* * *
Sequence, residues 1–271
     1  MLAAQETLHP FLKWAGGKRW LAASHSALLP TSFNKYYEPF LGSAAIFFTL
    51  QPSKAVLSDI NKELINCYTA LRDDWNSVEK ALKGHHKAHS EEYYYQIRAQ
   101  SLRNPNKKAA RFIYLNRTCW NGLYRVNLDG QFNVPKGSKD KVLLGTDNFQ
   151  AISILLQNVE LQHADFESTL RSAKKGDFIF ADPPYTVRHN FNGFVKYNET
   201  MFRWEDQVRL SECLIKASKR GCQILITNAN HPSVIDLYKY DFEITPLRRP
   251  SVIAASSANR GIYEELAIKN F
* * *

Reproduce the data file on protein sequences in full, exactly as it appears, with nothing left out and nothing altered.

Sequence, residues 1–271
     1  MLAAQETLHP FLKWAGGKRW LAASHSALLP TSFNKYYEPF LGSAAIFFTL
    51  QPSKAVLSDI NKELINCYTA LRDDWNSVEK ALKGHHKAHS EEYYYQIRAQ
   101  SLRNPNKKAA RFIYLNRTCW NGLYRVNLDG QFNVPKGSKD KVLLGTDNFQ
   151  AISILLQNVE LQHADFESTL RSAKKGDFIF ADPPYTVRHN FNGFVKYNET
   201  MFRWEDQVRL SECLIKASKR GCQILITNAN HPSVIDLYKY DFEITPLRRP
   251  SVIAASSANR GIYEELAIKN F